Class of 2016 Finishes Orientation Working• August 22, 2012
- Freshmen Clayton Randolph and Quentin Watson help spread fresh gravel on the Sugar Creek Trail west of Crawfordsville.
- Ian Sunde and Adam Alexander assist the Crawfordsville Parks and Recreation Department.
- Sam Mattingly sweeps extra gravel off to the side of the trail.
- Fabian House unloads gravel from the truck.
- Michael Watson shovels gravel off the truck.
- Men from the Class of 2016 helped put new plywood walls up on the Vanity Theater stage
- Professor Mike Abbott's tutorial students moved set pieces through narrow hallways in anticipation of the Vanity Theater's production of NOISES OFF.
- More set pieces for NOISES OFF.
- Vanity Theater Board Member Matt Mayberry drives in screws while the Class of 2016 does the heavy lifting.
- It took a half-dozen people to put up 12-foot walls.
- Only Wabash men could have hauled a hulking file cabinet up the narrow steps and hallways of the Vanity Theater.
- Students at the Wabash Avenue Presbyterian Church did yard work, among other things.
- Main Street President John Dantzig welcomes the Class of 2016 downtown.
- John Dantzig and Main Street, thanks to First Lady Chris White, rolled out the red carpet for the freshmen.
- Wabash President Pat White also welcomed the students downtown and encouraged them to embrace their new hometown.
- Students at downtown's Marie Canine Plaza
- President White
- President White
- Crawfordsville Mayor (and Wabash alumnus) Todd Barton took part in Wednesday's downtown welcome.
- Mayor Barton was surrounded by 260 members of the Class of 2016.
- Keaton Becher is co-chairman of the orientation leaders
- Chris White chats with John Dantzig at the Main Street reception downtown.
- After community service and the welcome, students fanned out to dine at local restaurants.
After three days of meetings, speeches, and learning the way things work at Wabash, more than 250 freshmen got the chance to sweat and work. The Class of 2016 spread across Montgomery County to do community service work.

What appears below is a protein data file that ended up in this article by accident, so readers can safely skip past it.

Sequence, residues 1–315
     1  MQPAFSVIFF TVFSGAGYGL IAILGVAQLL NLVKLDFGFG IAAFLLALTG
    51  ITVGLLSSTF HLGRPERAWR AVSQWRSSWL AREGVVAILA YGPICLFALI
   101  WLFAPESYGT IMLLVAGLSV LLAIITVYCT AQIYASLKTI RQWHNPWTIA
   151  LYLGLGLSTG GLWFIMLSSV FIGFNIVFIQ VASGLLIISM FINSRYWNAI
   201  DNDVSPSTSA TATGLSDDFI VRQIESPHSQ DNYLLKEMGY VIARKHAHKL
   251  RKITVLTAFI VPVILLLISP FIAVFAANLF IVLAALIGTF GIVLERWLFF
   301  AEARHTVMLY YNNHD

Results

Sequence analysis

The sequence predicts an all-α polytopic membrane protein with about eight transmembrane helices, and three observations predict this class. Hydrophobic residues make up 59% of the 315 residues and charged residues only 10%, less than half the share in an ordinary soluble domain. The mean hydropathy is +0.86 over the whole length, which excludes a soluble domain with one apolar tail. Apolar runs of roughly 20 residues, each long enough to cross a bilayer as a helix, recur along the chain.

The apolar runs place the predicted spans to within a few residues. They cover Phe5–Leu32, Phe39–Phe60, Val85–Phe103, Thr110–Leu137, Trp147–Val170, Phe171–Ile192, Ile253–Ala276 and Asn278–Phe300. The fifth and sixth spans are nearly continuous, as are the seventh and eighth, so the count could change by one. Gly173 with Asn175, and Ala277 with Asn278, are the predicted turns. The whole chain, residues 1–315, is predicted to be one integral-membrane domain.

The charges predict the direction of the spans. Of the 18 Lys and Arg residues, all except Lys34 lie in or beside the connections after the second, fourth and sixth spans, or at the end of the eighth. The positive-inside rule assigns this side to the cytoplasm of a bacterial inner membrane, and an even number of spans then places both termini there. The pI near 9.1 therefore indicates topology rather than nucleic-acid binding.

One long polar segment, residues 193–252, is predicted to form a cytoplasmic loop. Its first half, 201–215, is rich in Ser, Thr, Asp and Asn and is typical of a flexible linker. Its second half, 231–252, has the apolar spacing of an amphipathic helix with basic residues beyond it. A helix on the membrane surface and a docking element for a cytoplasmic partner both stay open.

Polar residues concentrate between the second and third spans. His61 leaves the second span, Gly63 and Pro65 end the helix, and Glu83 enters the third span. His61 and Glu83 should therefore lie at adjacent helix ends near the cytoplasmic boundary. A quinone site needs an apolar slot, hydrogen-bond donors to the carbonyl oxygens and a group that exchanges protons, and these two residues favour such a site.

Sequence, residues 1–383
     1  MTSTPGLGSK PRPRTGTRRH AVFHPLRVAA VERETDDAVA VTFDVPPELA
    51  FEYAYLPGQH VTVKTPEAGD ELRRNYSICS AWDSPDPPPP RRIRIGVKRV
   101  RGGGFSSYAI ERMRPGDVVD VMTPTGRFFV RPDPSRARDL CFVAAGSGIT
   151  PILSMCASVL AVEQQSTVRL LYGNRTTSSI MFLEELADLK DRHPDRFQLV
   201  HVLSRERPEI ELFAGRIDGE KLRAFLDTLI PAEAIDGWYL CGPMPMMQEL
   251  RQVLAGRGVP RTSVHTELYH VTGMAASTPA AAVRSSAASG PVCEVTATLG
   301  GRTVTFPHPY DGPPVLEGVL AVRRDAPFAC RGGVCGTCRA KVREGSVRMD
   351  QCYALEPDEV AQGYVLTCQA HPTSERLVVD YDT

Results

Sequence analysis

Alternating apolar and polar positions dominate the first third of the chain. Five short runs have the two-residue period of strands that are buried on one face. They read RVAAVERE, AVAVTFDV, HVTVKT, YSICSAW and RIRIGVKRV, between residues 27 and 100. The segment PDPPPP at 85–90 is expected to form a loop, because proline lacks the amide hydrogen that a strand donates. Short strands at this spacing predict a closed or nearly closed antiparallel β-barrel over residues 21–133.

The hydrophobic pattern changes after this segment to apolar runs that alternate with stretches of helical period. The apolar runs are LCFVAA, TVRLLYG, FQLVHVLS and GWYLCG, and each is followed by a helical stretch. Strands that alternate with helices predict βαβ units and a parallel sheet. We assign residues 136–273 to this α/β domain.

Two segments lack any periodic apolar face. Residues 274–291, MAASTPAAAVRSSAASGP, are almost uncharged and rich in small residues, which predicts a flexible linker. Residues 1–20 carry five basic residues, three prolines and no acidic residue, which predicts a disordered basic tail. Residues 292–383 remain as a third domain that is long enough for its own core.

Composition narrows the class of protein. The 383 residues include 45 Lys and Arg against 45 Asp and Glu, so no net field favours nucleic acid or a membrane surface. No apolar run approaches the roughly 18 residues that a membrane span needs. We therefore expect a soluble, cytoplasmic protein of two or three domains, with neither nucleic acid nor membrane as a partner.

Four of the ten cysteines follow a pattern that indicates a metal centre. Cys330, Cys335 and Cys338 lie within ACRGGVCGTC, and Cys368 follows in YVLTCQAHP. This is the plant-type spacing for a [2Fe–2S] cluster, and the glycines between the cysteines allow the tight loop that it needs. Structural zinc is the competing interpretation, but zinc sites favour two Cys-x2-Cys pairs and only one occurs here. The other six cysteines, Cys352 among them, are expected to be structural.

Learning to ‘live humanely’ has long been a part of Freshman Orientation. The annual work day also provides local organizations with manpower they could otherwise never afford.
Approximately 15 students started their morning at 8 a.m. at the Habitat for Humanity work site across the street from the Wabash baseball field. Dr. Richard Bowen’s tutorial students were shoveling and moving gravel.
“Typically on a normal week day we have a lot of people who are not capable of doing some of the heavier work,” said construction coordinator Kym Bushong. “So today I’m hoping we can get a driveway extended so the homeowner doesn’t have to step out into the mud. I’m hoping we can get all of our grass mowed. I’m hoping we can move some dirt so we can frame up our sidewalks and steps to the back porch.
“These guys can accomplish a lot more than we can. In their four hours today they will accomplish what we normally would in two Saturdays."
Larry Pollitt, who was directing the freshmen at work at the Wabash Avenue Presbyterian Church's FISH Clothing Pantry, was also grateful for the time and work saved by the students.
"These guys get done in an hour what it takes a whole day for me to do myself," he said. The students transformed the Pantry's inventory from its summer clothing to winter clothing for the upcoming season.
Another group of students, who are in Dr. David Kubiaks’ freshman tutorial, were working at the Crawfordsville Municipal Golf Course. The guys had taped off all of the windows to the pro shop and applying a new coat of paint under the watchful eye of their student leader Anton Crepinsek ’13.
Students from Professor Ethan Hollander's freshmen tutorial helped prepare the Lew Wallace Study grounds for this weekend's Taste of Montgomery County, one of the area's largest public events.
"You wouldn't believe how helpful these guys are," said Study Grounds Manager Deb King. "And it's perfect timing, having these Wabash gentlemen help set this up. I don't think we could pull this thing off without volunteer help." Wabash alum Dale Petrie ’75 was also on hand, supervising the set-up of the performance stage for this weekend's event.